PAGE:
Bob Atkey

I am a Chancellor’s Fellow and Lecturer in the department of Computer and Information Sciences at the University of Strathclyde. I am a member of the department’s Mathematically Structured Programming (MSP) group.

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My research is on programming languages. I use mathematical ideas and structure from logic, category theory, type theory, and denotational semantics to study programming languages and the systems they describe.

I was co-chair of the 2016 workshop on Mathematically Structured Functional Programming, and served on the programme committee for POPL 2016. I am on the programme committee for the upcoming ESOP 2017.

Research Interests

The Theory of Parametricity is the analysis of programming languages in terms of how they operate under “change” of inputs or representation. I have extended the original concept to study higher-kinded types (as one finds in Scala and Haskell) and dependent types. I have also worked on mechanised models of parametricity in the Coq theorem prover.

I have Applied Parametricity to representation of syntax, representations of domain-specific languages (DSLs), invariance properties in geometry and classical mechanics, and dimension-correct scientific programming. I am currently exploring the connections between classical parametricity and systems that study how programs change behaviour under change of input. I am also interested in using parametricity to study the ideal-world/real-world distinction in cryptography. I gave an invited talk at the Off the Beaten Track workshop on how I see this interesting research field developing.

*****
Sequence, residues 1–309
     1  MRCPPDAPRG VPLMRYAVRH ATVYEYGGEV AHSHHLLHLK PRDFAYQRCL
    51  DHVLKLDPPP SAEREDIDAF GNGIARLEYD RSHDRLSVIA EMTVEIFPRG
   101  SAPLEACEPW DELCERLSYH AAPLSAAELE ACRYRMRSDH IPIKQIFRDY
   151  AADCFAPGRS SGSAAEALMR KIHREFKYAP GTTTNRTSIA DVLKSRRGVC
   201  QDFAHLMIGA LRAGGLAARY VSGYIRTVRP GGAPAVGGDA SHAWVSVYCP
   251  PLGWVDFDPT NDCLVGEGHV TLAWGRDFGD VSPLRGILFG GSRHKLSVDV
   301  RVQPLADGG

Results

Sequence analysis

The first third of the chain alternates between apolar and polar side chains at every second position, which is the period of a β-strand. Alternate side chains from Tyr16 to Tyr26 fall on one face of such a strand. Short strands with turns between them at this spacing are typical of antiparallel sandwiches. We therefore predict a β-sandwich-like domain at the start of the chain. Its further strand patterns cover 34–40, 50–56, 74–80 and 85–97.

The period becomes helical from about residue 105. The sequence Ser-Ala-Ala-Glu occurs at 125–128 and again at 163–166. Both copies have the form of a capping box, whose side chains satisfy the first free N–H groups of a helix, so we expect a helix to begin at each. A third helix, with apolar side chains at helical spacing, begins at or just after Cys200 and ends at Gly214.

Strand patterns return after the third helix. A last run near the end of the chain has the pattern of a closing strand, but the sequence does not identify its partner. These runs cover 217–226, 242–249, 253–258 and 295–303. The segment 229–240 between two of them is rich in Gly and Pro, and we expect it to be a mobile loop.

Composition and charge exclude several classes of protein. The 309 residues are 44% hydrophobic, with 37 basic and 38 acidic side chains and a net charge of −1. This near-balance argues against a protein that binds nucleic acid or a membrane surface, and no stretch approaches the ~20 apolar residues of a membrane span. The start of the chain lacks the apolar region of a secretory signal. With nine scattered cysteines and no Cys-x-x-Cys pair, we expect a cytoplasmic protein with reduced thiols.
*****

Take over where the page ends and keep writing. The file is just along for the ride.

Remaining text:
I have built Resource-aware Verifiers and Type Systems. I have worked on program logics and automated verification of resource usage, and on type systems for tracking resource usage in type systems, in terms of resource relationships and communication.

In effects and effect systems, I studied parameterised monads, which have become a popular way to track the effects in programs, going beyond monads. I developed the theory of parameterised monads to algebraic presentations, with application to effect-driven program optimisations. I have also worked on reasoning about recursive data in the presence of effects.

From 2013 to 2014 I developed Static Analysis Tools for Java Concurrency at Contemplate. We built ThreadSafe, a tool to discover and analyse concurrency defects in Java programs. I wrote some developer-oriented articles on using ThreadSafe to discover race conditions and deadlocks. With Don Sannella, I wrote an academic paper discussing ThreadSafe’s internals and our experiences in applying academic static analysis ideas to industry. My work at Contemplate was informed by my academic research on mechanised models of the JVM, proof-carrying code, and resource consumption verification in Java.

Blog posts


See also DBLP or Google Scholar.